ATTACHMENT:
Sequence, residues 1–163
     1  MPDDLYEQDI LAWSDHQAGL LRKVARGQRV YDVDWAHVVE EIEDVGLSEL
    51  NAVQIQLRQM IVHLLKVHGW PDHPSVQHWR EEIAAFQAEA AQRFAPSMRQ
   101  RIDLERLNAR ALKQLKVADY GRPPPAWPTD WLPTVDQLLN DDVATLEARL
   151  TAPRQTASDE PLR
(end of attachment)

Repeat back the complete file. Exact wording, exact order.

Sequence, residues 1–163
     1  MPDDLYEQDI LAWSDHQAGL LRKVARGQRV YDVDWAHVVE EIEDVGLSEL
    51  NAVQIQLRQM IVHLLKVHGW PDHPSVQHWR EEIAAFQAEA AQRFAPSMRQ
   101  RIDLERLNAR ALKQLKVADY GRPPPAWPTD WLPTVDQLLN DDVATLEARL
   151  TAPRQTASDE PLR